Not sure these links would work for others: 

Scattered Minds #hoopladigital
https://www.hoopladigital.com/title/12315241

Scattered #hoopladigital
https://www.hoopladigital.com/title/11556076

 

ADHD has a far better track record of showing usefulness of psychotropic pharmaceuticals. But the author above , Mate, who has ADHD as do 3 of his kids is questioning whether pharmaceuticals is really the right approach...

What he seems to think is the right approach fits well with what Myles, in the long video a few posts ago, said he needed, but could not express his need.  As best I understand the videos and the book.

 

Mate has his own videos too btw.  

 

Puryear whose book was helpful to me with ADHD ish struggles also tended to be more on the non Rx side.  Though Hallowell whose work I also appreciate tends to be more pro Rx.  

 

I’d like to see some of Amen’s  Spec scans to see if the brain shows healing after Pharmaceuticals. 

 

We’ve used meds for specific PTSD symptoms, with limited success that has bought us some critical space, particularly with respect to nightmares and insomnia and generally being terrified of sleep.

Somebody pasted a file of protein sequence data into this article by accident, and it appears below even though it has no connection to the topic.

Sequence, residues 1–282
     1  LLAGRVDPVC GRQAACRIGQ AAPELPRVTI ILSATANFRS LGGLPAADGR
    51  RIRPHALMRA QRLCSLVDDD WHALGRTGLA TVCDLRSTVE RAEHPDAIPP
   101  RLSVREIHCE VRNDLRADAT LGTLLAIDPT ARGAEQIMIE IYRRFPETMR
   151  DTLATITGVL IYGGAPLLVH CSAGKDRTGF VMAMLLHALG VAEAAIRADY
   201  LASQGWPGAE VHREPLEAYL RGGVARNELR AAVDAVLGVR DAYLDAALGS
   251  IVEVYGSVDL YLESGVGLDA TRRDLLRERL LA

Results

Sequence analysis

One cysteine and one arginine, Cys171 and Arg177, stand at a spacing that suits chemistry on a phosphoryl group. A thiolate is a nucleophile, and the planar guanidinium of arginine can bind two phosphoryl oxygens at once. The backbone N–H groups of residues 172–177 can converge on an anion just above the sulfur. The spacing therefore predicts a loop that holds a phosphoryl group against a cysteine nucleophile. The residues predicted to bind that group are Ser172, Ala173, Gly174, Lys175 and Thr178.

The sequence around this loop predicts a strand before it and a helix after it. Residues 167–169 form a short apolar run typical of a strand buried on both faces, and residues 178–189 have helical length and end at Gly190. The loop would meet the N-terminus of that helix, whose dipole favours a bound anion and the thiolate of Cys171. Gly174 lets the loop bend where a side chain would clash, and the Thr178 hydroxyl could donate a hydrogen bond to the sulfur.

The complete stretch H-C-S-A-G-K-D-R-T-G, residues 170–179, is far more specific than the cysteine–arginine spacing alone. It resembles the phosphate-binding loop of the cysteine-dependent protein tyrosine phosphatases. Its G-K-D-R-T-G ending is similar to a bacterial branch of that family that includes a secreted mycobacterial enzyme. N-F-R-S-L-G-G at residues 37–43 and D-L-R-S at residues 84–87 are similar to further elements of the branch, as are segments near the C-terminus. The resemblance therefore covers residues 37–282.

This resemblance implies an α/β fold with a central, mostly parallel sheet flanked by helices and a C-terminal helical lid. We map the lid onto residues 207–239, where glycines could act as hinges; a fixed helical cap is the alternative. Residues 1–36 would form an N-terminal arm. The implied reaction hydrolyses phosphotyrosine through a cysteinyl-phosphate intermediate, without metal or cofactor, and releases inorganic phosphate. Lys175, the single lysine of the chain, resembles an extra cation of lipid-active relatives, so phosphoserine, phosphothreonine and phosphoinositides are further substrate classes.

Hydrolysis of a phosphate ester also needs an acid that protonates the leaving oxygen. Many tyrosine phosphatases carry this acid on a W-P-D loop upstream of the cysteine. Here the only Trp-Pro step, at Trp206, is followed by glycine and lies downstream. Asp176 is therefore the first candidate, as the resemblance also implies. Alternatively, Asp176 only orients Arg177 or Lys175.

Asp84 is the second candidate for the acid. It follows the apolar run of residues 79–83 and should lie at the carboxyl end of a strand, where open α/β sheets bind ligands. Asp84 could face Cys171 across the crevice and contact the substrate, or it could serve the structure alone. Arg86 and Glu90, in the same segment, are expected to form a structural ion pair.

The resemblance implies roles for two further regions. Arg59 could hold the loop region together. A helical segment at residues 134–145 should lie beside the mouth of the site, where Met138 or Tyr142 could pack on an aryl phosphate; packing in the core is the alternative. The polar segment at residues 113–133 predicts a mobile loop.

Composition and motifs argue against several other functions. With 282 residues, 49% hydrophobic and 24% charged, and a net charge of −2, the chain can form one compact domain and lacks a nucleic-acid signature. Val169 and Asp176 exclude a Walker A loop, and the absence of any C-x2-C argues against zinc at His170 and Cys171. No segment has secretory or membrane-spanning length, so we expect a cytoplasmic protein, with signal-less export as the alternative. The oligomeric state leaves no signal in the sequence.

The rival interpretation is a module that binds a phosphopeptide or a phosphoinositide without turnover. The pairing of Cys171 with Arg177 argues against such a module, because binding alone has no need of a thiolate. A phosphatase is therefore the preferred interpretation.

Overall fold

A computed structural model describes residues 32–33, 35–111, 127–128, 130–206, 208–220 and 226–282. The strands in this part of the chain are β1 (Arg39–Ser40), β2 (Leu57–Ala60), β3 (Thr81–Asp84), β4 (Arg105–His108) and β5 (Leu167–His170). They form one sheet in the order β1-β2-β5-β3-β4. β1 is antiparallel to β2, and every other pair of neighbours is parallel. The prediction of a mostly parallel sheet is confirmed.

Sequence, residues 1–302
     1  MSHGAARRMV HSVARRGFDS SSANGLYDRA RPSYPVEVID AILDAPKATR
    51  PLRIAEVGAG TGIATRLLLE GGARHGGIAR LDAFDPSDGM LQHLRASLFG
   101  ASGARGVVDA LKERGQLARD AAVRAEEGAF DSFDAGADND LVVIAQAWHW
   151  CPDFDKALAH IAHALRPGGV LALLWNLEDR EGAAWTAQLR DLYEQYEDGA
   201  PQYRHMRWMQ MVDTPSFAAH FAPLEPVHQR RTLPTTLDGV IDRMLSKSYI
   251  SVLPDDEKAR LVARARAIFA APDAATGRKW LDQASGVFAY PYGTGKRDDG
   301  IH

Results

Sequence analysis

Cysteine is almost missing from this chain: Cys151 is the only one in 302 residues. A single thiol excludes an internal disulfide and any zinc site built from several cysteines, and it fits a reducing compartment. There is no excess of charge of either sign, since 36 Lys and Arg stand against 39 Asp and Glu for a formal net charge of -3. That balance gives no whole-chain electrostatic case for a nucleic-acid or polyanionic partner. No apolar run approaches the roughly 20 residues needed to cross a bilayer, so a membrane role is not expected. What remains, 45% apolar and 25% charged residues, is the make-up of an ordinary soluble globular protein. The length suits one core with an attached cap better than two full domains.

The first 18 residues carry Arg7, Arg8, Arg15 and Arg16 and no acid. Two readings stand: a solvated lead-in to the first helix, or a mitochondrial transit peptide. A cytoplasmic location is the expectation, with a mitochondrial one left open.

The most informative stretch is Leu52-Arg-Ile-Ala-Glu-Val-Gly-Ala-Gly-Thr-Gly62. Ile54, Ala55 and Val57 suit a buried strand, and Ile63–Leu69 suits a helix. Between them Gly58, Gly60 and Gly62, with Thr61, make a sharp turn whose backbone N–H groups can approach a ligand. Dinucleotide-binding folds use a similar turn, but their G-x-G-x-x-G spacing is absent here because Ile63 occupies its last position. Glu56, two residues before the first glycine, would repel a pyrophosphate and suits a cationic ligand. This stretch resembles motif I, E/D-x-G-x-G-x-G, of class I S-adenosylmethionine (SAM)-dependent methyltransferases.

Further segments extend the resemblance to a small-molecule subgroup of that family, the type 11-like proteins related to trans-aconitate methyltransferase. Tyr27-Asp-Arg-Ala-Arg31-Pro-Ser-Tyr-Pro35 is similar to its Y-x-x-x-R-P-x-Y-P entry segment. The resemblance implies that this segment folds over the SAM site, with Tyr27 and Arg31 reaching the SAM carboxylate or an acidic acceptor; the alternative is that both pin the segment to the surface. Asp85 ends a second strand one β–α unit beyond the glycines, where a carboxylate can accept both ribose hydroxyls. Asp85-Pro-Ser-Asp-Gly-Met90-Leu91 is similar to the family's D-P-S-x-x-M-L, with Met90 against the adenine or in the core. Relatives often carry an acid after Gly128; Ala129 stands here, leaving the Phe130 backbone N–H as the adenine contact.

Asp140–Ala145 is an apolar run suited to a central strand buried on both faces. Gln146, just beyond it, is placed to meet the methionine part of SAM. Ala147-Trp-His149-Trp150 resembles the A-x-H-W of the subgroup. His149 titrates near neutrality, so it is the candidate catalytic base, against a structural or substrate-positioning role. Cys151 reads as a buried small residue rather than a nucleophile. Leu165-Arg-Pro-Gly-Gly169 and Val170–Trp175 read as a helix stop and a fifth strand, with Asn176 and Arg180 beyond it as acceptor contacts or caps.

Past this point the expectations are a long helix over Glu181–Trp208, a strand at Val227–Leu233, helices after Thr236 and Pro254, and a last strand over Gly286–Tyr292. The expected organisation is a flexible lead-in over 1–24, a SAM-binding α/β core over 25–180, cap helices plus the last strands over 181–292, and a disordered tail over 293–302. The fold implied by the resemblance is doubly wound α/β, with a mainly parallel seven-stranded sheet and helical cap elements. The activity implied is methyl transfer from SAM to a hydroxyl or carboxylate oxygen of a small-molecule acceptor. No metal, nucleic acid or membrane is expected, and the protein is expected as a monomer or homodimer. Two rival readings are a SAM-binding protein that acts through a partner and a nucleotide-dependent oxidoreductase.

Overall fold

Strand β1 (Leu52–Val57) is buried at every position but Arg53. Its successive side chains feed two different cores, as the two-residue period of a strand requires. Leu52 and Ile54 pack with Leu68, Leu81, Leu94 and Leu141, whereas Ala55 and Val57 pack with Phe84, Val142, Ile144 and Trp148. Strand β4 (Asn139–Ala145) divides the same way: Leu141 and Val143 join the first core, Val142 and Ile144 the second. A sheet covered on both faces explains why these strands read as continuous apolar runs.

We mostly used it in the hospital, just because of other medical issues that complicate things.  Respiratory depression, and overloading his liver are the problems that made us stop.  But I would say that it was useful, and is probably a tool we’ll use again.  

 

 

 

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@Melissa in Australia  I wanted to apologize again, because I feel like I keep pulling this back to the question or “are there kids with FASD or PTSD who are helped by psychotropic meds?” Which is, of course an entirely different question from “Do Melissa’s kids need meds?”, but it must feel like that a little.  None of what I posted is intended to answer the second question,